• Assessment – the methods used to judge the extent of students’ learning (e.g. tests, homework, observation). Assessment judgments might be used formatively (to provide feedback to learners to inform future learning), summatively (to provide a grade) or evaluatively (to judge whether teaching has been effective).

The relationship between these elements is complex and can be problematic. I provide several examples to illustrate this point:

  • The particular curriculum-planning model that is outlined in the framework can exert a major influence on pedagogy. For instance, a framework that emphasises content to be learned might encourage teacher-centred approaches to teaching, whereas a model based on processes and skills may encourage activities that are student-centred.
  • The organisation of provision exerts an effect on pedagogy. For example, methods such as cooperative learning can be difficult if the school day is divided into small teaching blocks, as is the case in most secondary schools.
  • A heavy emphasis on assessment can encourage narrow ‘teach to the test’ approaches –so-called washback.

Curriculum planning is fundamentally a political process. In other words, it involves questions of value and is subject to disagreement. Different people have different views about what should be taught (or indeed omitted – the null curriculum). An important question is ‘whose curriculum?’: who is it for and who chooses? Some believe that content should be chosen to meet children’s needs and/or interests. Others suggest that there are bodies of knowledge that have intrinsic value or help us access society’s conversation, and which should be taught to all children. For example, social realists such as Young and Muller (2010) believe that children will be disadvantaged if they are not taught knowledge from the academic disciplines (which are recognised bodies of knowledge developed over generations by scholars using rigorous methods).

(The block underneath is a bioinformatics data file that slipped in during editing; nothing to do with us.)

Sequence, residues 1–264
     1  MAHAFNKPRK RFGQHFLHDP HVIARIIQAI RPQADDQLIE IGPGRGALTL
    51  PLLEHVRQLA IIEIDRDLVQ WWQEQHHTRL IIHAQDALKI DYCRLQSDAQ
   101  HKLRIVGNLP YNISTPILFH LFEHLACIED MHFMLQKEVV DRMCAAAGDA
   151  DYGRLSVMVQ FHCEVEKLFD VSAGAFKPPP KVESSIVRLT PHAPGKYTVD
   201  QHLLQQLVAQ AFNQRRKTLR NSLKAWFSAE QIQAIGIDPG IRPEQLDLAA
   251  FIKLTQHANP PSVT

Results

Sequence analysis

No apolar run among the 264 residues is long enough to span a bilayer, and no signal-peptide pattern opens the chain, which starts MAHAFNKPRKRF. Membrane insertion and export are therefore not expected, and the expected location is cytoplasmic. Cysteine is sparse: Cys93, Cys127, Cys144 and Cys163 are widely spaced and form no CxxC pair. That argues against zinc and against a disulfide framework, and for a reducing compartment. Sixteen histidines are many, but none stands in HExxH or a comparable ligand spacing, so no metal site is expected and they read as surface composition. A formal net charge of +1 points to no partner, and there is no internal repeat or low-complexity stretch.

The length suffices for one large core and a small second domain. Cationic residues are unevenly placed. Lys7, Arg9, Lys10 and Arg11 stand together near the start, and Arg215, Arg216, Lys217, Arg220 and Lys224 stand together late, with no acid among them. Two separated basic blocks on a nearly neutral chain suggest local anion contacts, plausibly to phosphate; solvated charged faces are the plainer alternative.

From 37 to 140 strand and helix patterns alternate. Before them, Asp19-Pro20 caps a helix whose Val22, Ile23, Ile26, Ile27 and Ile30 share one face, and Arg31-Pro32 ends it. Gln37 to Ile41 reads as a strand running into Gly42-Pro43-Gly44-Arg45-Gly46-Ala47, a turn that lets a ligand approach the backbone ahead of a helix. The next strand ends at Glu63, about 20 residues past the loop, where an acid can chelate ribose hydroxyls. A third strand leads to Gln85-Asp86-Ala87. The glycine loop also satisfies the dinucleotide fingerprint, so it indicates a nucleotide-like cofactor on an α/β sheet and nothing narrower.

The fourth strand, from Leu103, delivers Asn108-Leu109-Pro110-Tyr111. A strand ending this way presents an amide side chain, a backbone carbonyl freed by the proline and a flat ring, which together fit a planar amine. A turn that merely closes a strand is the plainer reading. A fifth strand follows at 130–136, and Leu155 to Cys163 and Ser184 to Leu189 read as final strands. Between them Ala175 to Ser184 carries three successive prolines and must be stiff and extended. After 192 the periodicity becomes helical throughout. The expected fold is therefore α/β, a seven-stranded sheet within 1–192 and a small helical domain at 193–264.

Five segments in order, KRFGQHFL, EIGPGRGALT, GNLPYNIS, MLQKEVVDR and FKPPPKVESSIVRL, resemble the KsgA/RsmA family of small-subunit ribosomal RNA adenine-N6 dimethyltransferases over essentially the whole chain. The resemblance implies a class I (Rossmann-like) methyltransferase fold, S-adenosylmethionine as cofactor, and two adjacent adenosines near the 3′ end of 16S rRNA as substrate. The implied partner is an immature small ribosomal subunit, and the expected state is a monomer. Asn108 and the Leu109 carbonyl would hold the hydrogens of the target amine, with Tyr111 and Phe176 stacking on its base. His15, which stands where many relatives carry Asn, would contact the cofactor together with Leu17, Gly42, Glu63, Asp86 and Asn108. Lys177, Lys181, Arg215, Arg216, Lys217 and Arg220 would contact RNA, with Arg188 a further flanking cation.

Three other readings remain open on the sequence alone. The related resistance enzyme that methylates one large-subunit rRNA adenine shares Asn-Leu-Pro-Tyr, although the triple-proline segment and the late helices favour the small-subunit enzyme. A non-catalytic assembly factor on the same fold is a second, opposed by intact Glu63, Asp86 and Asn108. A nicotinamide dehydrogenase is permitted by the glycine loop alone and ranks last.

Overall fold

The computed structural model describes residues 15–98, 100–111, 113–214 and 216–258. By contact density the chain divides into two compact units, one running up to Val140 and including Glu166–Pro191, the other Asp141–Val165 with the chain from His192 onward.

These complex debates are often reduced to spurious categories: traditional vs. progressive curricula; knowledge vs. skills; subjects vs. interdisciplinary approaches; teacher as sage-on-the-stage vs. teacher as guide-on-the-side, etc. It is far more fruitful to consider these dichotomies in a more nuanced way, for example:

  • Knowledge vs. skills is better seen as balance between different types of knowledge that are all essential for a meaningful education: propositional knowledge (knowing that), procedural knowledge (knowing how) and epistemic knowledge (knowledge structures and approaches to inquiry – such as scientific methods – that characterise different disciplines).
  • An accomplished teacher will both teach directly and facilitate learning, depending on the purposes of the learning being undertaken.

This in turn raises further questions about the choice and organisation of curriculum content. Should the curriculum be structured around subjects (the prevailing secondary model in the UK) or themes, a primary school approach? Should school knowledge focus more on ‘learning that’ or ‘learning how’? Should there be a core curriculum for all young people, or should there be choice? What about relevance to real life? Or is the school curriculum a sabre-tooth curriculum (Peddiwell, 1939), which rarely changes and drifts out of date as society evolves?

The curriculum operates (or is made) in different ways at different levels:

  • supra – transnational ideas about education
  • macro – national-level policy intentions
  • meso – policy guidance (ES, LEA)
  • micro – school-level curricular practices